It’s three weeks since I returned from my trip home to the UK for Angus’s funeral and to see friends and family.
We’ve now reached the furthest intended spot for this year, Schwerin at the northern edge of the Mecklenburg Lakes. Our normal modus operandi when boating is to take our time getting to where we want to be, then either running out of time to actually get there and stopping short or having to dash back to meet a deadline. This time we have done it differently, in that we’ve pushed ourselves to get here at a not uncomfortable but steady pace and we’ll now take our time going back through this lovely area and stopping for a few days where the fancy takes us. We did linger in Berlin for a couple of weeks and hope to do so again on our way back.
Is it a boat, is it a caravan? Well, it’s a caravan on a catamaran!
It seems almost as if we’ve had all four seasons since we set out 12 weeks ago on 13th April. It was cold, wet and miserable for a good few weeks, we could see our breath condensing every morning when we woke in Holland, the first job every morning being to mop up condensation and we used a good bit of diesel keeping warm and went round even inside the boat with many layers. It felt like we’d never be out of fleeces and into tee shirts! Now, 12 weeks later we are basking in temperatures of 39/40 degrees and having electric storms the like of which we’ve rarely seen before. And hot, hot nights where it’s so uncomfortable to sleep….how we miss Liberté’s master cabin air con!
A very soggy day!
We were in Oranienburg, just north of Berlin when I returned to Meander and true to my word the first shopping trip back was for the purchase of a cycle helmet which I have worn on every cycle trip since! We spent a couple more days there in cold wet weather and met our one and only British couple so far on a cruiser, moored next to them and spent a pleasant evening on board nattering. I meant to take a photo of the two Ensigns flying side by side but most of the time they were just drooping in the rain!
And so we got on with our travels to the Mecklenburg Lake area, through varying scenery, pretty villages, narrow water lily lined “ditches” and lakes of varying sizes.
Nice little mooring on the Alde Elde Kanal Put us in mind of Froncles.
We had a couple of days hold up when my arthritic knees played up and swelled so much that they looked like chicken drumsticks and I could barely shuffle. That was fun, (not) neither of us being able to walk and having two lively dogs is not a good situation to be in. It was a Sunday morning, NHS direct website symptom checker suggested urgent medical attention. Nigel hobbled to the hafen meister who was nowhere to be seen but a kind holiday boater who could understand the situation rang the emergency doctor then took us in his car to the surgery where I was given cortisone and diplofenac injections and told to rest with my legs up. I did as I was told, was looked after and waited on by Nigel and the dogs managed with comfort walks again like they’d had to while I was back in the UK. After a couple of days rest the pain and swelling subsided and we were able to move on again, across the vast Muritzsee and many other smaller lakes, along the Alte Elde and then StorKanal and eventually to Schwerin.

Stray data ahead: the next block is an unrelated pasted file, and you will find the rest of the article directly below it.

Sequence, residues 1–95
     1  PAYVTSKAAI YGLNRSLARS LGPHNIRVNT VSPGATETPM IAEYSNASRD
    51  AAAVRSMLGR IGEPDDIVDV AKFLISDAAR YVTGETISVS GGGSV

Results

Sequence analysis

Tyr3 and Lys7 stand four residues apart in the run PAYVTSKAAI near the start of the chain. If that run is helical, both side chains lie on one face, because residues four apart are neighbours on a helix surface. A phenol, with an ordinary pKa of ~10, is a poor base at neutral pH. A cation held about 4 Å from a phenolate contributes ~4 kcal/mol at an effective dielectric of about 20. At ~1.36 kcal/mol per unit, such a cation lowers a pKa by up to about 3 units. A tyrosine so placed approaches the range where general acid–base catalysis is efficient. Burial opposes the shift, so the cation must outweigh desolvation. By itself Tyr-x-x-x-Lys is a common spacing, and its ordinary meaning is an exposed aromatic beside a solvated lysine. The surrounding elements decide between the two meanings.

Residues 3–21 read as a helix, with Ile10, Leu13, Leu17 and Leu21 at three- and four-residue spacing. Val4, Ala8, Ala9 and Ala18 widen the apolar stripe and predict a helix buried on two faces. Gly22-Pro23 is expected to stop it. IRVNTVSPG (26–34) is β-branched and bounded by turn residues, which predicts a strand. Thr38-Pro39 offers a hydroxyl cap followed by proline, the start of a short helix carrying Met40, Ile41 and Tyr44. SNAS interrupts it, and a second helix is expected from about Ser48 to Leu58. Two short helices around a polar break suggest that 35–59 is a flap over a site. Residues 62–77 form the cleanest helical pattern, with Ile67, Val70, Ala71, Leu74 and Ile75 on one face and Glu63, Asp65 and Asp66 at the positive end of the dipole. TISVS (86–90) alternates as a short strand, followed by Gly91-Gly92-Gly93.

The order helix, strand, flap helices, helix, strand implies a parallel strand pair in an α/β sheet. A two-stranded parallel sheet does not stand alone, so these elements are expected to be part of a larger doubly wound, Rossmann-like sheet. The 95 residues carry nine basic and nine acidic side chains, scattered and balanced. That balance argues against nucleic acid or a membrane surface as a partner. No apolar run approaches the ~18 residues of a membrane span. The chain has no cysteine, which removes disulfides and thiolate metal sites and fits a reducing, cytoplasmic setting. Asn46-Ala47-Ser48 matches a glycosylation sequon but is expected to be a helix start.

Along this stretch we’ve had some wildlife highlights too, the list one day was:
Constant chirruping from Yellowhammers, chiff chaffs, chaffinches, reed warblers plus many others that we don’t recognise.
Pretty perfect mooring!
A better mooring we couldn’t have wished for and were amazed that it was free (i.e. available) With the backdrop of the wonderful Schloss, a lively restaurant within 20 metres and as we were to find out later, an open air theatre just opposite with the opening night of La Traviata underway, it really felt special. After the opera had finished, the Schloss was floodlit and looked magical from our bedroom windows, even with the crane!
Schwerin Schloss from the Gardens
Night two followed the hottest day of the year so far, we don’t have a thermometer on board so can only guess it was in the 40s, as dusk began to fall and the second night of La Traviata was heading towards the interval, we felt the atmosphere change, rumbles of thunder began in the distance and flashes of lightning far away gradually got nearer and nearer and much more frequent. Suddenly the wind got up and torrential rain began to fall, the opera audience started running for cover and we battened down our hatches after Nigel secured the boat with a few more lines, unfortunately the wind whipped a boat hook off our roof never to be seen again. The storm lasted an hour or so, such intense lightning from so many parts of the sky we’ve never seen before. The dogs were both in a state, it’s the first time Dash has ever seemed to notice but I found him cowering in a corner. It was good practice as we had the same again last night, this time we had everything down and zipped before the rain actually started but as we are now moored a little further away in a yacht club we had the added entertainment of the soundtrack of rigging and halyards wailing and a couple of escaped fore sails flapping with gusto. Today it’s cooler with a stiff breeze, so hope we don’t have a thunderstorm hat-trick!
Our current mooring, we are still in view of the Schloss!
La Traviata open air opera as seen and heard from our deck
Belle and Dash loving their swimming opportunities if only to cool down!
Won’t stop me falling off but no more bumps on the head!
Hopefully some more and better pics to follow, these are all from my phone.